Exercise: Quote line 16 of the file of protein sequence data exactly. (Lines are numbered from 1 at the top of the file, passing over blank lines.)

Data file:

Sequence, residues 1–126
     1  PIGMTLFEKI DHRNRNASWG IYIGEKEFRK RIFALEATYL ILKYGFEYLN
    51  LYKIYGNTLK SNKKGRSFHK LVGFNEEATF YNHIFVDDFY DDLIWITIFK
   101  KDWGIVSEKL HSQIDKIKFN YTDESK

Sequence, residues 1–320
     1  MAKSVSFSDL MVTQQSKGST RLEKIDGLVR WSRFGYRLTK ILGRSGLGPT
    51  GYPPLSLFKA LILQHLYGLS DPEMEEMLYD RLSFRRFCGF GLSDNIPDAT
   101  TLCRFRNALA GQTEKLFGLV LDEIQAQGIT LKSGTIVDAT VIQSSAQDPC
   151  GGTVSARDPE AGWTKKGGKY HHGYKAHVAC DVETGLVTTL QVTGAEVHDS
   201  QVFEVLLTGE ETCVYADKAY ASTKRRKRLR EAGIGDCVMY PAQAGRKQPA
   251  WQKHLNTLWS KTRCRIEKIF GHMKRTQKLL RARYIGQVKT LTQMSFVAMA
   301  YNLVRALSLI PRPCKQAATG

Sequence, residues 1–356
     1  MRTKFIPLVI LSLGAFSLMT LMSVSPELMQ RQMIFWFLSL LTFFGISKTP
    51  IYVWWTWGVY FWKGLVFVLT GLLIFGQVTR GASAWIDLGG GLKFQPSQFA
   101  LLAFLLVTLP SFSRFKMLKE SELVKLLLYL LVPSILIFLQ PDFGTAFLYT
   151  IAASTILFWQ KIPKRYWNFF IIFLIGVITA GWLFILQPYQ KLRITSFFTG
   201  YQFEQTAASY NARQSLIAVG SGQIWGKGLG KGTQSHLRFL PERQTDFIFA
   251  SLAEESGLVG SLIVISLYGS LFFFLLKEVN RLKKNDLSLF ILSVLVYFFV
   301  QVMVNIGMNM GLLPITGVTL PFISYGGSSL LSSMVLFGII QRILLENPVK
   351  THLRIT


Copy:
   101  LLAFLLVTLP SFSRFKMLKE SELVKLLLYL LVPSILIFLQ PDFGTAFLYT